Could the Currency War Ignite the Trade War?


Jul. 17 2019, Updated 9:20 a.m. ET

Currency war

We have seen a sell-off in emerging market currencies in 2018. Earlier in the year, President Trump authorized doubling the Section 232 tariffs on Turkey after the country’s currency fell. Weak domestic currencies make a country’s exports competitive in the global market. Previously, President Trump wanted to call China a “currency manipulator.” Since he took office, President Trump has backed off.

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Trade war

Amid the US-China trade spat, we’ve seen a fall in the Chinese currency. According to Reuters, “China’s central bank on Tuesday fixed its yuan at 6.9019 per dollar, so breaching the 6.9000 barrier and leading speculators to push the dollar up to 6.9320 in the spot market.” India’s currency has also fallen against the US dollar in 2018. The country that has taken strong measures in the past to prevent its currency from sliding. However, India hasn’t shown the same sense of urgency this time.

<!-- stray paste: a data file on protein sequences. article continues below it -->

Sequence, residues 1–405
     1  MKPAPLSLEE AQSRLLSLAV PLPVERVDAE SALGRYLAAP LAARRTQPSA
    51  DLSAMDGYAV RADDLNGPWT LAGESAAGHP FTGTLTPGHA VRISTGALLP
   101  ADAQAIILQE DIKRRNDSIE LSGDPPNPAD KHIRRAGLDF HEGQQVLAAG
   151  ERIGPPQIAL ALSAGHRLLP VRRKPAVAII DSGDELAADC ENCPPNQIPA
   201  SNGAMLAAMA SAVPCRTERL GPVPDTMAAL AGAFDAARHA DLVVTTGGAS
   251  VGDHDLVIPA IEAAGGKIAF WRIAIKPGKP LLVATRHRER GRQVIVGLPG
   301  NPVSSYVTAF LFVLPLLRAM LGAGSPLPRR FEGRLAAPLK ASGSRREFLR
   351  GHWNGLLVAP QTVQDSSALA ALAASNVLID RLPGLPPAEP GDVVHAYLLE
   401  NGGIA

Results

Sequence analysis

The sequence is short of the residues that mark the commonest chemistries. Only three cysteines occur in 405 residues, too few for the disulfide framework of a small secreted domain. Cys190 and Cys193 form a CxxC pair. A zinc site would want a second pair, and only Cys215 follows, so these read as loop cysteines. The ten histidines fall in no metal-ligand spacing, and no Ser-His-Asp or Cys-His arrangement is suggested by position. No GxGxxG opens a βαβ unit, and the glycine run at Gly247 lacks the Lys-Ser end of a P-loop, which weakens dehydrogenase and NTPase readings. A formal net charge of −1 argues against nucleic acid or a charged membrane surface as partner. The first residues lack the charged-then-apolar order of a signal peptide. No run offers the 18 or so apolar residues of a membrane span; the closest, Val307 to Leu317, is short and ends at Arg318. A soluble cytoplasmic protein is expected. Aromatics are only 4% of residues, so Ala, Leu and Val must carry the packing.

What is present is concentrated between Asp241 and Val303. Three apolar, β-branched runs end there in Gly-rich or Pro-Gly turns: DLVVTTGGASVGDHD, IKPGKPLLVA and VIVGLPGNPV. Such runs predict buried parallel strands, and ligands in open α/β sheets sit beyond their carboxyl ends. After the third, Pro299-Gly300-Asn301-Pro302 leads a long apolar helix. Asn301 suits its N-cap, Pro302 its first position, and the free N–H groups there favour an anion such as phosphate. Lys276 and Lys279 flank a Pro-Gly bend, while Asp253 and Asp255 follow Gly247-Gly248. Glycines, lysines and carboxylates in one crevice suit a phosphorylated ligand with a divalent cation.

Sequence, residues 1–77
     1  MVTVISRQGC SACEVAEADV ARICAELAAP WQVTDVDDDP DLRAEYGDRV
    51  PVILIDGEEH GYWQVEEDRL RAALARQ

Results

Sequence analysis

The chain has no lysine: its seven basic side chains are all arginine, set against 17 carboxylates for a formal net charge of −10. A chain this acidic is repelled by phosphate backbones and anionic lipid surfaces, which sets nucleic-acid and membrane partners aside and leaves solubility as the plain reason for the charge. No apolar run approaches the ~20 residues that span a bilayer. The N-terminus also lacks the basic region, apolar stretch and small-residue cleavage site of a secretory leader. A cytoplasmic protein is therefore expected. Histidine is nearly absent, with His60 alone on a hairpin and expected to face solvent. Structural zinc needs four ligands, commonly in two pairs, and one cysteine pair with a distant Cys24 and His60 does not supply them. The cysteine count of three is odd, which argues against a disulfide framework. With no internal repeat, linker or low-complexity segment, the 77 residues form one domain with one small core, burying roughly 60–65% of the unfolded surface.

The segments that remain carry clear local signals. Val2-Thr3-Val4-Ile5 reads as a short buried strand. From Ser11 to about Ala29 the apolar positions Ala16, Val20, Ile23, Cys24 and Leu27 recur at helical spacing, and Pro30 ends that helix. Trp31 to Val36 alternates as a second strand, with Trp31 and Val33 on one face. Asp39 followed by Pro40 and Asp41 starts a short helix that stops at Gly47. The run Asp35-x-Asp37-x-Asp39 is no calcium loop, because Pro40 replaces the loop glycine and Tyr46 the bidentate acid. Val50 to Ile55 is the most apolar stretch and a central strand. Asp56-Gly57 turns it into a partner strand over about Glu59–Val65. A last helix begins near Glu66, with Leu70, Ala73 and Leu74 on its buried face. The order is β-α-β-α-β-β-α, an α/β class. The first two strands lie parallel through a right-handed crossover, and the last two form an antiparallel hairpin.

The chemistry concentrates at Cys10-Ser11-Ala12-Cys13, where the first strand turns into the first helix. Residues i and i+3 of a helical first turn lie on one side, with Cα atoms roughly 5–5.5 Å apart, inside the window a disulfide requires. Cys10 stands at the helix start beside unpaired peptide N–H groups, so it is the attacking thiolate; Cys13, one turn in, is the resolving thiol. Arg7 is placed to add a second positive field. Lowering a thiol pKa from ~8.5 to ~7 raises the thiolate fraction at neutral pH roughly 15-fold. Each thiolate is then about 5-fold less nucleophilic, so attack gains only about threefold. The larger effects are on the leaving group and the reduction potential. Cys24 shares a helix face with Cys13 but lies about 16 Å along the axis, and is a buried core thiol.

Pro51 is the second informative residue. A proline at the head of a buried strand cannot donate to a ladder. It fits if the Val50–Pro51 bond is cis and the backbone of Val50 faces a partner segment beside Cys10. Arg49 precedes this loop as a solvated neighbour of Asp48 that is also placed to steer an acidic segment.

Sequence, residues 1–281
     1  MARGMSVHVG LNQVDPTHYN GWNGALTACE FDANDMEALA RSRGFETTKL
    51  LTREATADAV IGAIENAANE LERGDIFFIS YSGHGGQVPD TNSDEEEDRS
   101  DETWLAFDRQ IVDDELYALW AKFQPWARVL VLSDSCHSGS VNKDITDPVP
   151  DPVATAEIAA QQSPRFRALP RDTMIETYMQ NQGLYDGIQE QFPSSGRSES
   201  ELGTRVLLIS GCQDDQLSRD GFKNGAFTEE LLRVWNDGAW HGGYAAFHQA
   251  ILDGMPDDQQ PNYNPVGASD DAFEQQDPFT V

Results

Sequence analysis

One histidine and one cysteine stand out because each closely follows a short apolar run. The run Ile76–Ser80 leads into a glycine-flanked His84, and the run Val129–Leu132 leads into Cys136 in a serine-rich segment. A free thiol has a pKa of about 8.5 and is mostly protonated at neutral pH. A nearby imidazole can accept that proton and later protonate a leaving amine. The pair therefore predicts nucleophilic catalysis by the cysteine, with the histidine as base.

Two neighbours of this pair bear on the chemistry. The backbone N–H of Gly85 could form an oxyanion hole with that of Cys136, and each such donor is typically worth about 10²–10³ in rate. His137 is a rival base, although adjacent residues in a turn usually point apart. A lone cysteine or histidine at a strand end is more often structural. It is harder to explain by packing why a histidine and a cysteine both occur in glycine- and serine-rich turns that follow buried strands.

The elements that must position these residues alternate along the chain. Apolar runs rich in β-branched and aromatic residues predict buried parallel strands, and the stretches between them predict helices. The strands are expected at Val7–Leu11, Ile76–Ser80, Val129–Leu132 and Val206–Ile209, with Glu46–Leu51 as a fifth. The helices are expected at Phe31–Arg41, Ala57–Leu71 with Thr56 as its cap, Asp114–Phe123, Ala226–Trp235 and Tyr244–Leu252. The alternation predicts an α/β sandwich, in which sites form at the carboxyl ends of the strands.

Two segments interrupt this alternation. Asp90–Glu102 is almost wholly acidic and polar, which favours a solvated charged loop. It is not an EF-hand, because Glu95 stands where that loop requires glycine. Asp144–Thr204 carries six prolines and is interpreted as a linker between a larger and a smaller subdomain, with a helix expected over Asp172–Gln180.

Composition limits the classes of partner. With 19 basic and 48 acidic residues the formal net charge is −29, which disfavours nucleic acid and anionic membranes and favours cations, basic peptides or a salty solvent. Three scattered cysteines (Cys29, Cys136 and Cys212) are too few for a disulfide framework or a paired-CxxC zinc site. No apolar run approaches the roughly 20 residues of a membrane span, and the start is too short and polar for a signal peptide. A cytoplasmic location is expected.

Depreciating currencies would help countries blunt some of the impacts from President Trump’s tariffs. However, the currency war could ignite the trade war. For US companies (SPY) like Ford (F) and Tesla (TSLA) that are paying tariffs on their exports to China (FXI), a stronger US dollar could impact their earnings. Commodities like copper (FCX) and aluminum also have a negative correlation with the US dollar.

Mining companies have looked apprehensive amid the US-China trade spat. The companies have preferred to return capital to shareholders rather than investing in their business. Read What Mining Companies’ Buybacks Tell Us about the Economy to learn more.


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